With just three spring practices under his belt and only one in which he saw his new players in pads, Michigan coach Brady Hoke was asked to estimate the gap between where the Michigan football team was, as of Wednesday, and where he wants it to be.

“That’s a huge gap, I don’t know,” Hoke said, pausing briefly.

“Grand Canyon-sized right now,” he continued. “That’s nothing that’s shocking right now to us. And they’re hungry, like I said, they want to be coached. They want to do it the right way.”

This spring, Hoke and his assistants are focusing on a combination of implanting new schemes and teaching the fundamentals Hoke wants his athletes to play with.

Transitioning to the 4-3 defense and the pro-style offense has been a process early on.

“When you’re installing an offense or defense, there’s always a little paralysis by analysis as far as some thinking going on,” Hoke said. “New terminology and all of those kind of things — plays being a little bit different, technique being a little bit different … We’re not playing as near as fast as we need to yet, but I wouldn’t expect it.”

No matter how much the growing pains hurt, Hoke expects everyone to play with toughness and effort — as those are the constants players can control at this point. As for the speed of their play, that paralysis is something that Hoke assured would work itself out. He said the team wasn’t playing nearly as quickly as he expects it to play.

One player who hasn’t slowed down is quarterback Denard Robinson. Hoke said that the signal caller and backup Devin Gardner were beginning to pick up the nuances of the new offense.

“I think they both have done a good job,” Hoke said. “And both are very capable of being tremendous quarterbacks in this offense.”

The transition has been pretty much a smooth one, if not for a few speed bumps along the way.

“There’s an issue with footwork at times, you try and rush yourself in a drop off of play-action or something like that,” Hoke added. “But both of those guys have handled it pretty well.”

The quarterbacks’ progression will be important to keep an eye on. And by the end of the 15 spring practices, Hoke probably still won’t be satisfied with his team’s progress as a whole.

“We’ll never be where I want us to be, period,” Hoke said. “I know me. I think it’s pretty typical of the last two places that we’ve started. At Ball State and San Diego State, there’s a point where you have to start and you’ve got a vision of where you want to finish. I think it always takes a little bit of time during the spring to move the dial.”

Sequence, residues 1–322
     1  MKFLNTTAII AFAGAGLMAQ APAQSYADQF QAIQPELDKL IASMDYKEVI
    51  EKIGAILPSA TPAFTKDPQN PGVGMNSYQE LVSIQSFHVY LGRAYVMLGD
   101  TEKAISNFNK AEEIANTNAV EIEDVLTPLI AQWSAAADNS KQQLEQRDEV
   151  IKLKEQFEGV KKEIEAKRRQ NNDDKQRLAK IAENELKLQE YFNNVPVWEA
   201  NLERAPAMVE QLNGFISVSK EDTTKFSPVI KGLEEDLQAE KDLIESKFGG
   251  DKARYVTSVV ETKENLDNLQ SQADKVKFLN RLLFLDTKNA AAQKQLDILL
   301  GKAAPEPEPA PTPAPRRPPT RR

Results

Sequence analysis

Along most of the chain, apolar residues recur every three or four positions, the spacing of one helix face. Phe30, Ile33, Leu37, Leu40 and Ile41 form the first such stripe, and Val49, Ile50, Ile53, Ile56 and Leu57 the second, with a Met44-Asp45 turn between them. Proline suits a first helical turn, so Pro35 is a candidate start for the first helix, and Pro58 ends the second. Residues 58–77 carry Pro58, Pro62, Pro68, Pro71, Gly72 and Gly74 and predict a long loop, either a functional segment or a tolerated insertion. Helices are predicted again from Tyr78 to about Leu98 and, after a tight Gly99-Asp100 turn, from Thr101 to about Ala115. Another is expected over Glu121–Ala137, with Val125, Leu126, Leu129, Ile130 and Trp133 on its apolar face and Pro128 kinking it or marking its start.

SEE YOU LATER, ‘PAL: Hoke announced that sophomore safety Ray Vinopal is officially no longer with the team.

“Ray decided to go back to Youngstown, (Ohio),” Hoke said. “That issue is more of a family issue.”

Vinopal was moved into the starting lineup when Michigan played Penn State last season after the Wolverines’ bye week — he started the final six games of the season, totaling 33 tackles, 1.5 tackles-for-loss and one interception on the year.

HOP ON UP: Sophomore running back Stephen Hopkins — the biggest running back Michigan had last year at 6-foot, 227 pounds — has been playing “part-time” at fullback this spring.

“We don’t have a lot of fullbacks,” Hoke said. “We have one, really, with that type of body on the team in (John McColgan). Hop’s doing some of it, and some of the split back stuff that we do, a lot of the old 49ers’ stuff, it really works out well with that type of guy.”

Hopkins was used as a goal-line back under Rich Rodriguez and rushed for 151 yards on 37 carries, for an average of 4.1 yards per carry, with four rushing touchdowns in 2010.

Hoke wants his fullbacks to fit a certain mold.

“He’s got to be a guy who comes in 6-(foot)-3 and leaves the program about 6-(foot)-1,” Hoke said, referring to the physical grind it takes to play the position. “Every Wisconsin fullback I’ve seen, they get shorter as the years go on.”

SPRING FLING: This year’s spring game, set for April 16, may not look like a typical game, as Hoke warned on Wednesday.

“We wouldn’t play a (real) game,” Hoke said. “We have a lot of situational scrimmage stuff. And we’ve got (24) more days until that spring game date. Just in different experiences, I doubt we’ll play a game, game. (I’d) like to, but we don’t have enough depth.”

He added that he hopes to have 50 to 60 percent of the schemes installed by the end of spring, with the remainder coming in fall camp.

INJURY UPDATES: Running back Mike Shaw has been taking part in alternate conditioning, Hoke said. Shaw broke his hand before spring practice started and is expected to be able to do a little more, with a cast on, next week. … Center David Molk has been hampered by a hamstring injury, relegating Rocko Khoury to take the majority of the snaps at center — Molk is expected to be fine by next Tuesday. … Hoke also commented on the status of cornerbacks Troy Woolfolk and J.T. Floyd. Woolfolk is doing some group work and certainly not everything yet. And Floyd is further behind than Woolfolk.

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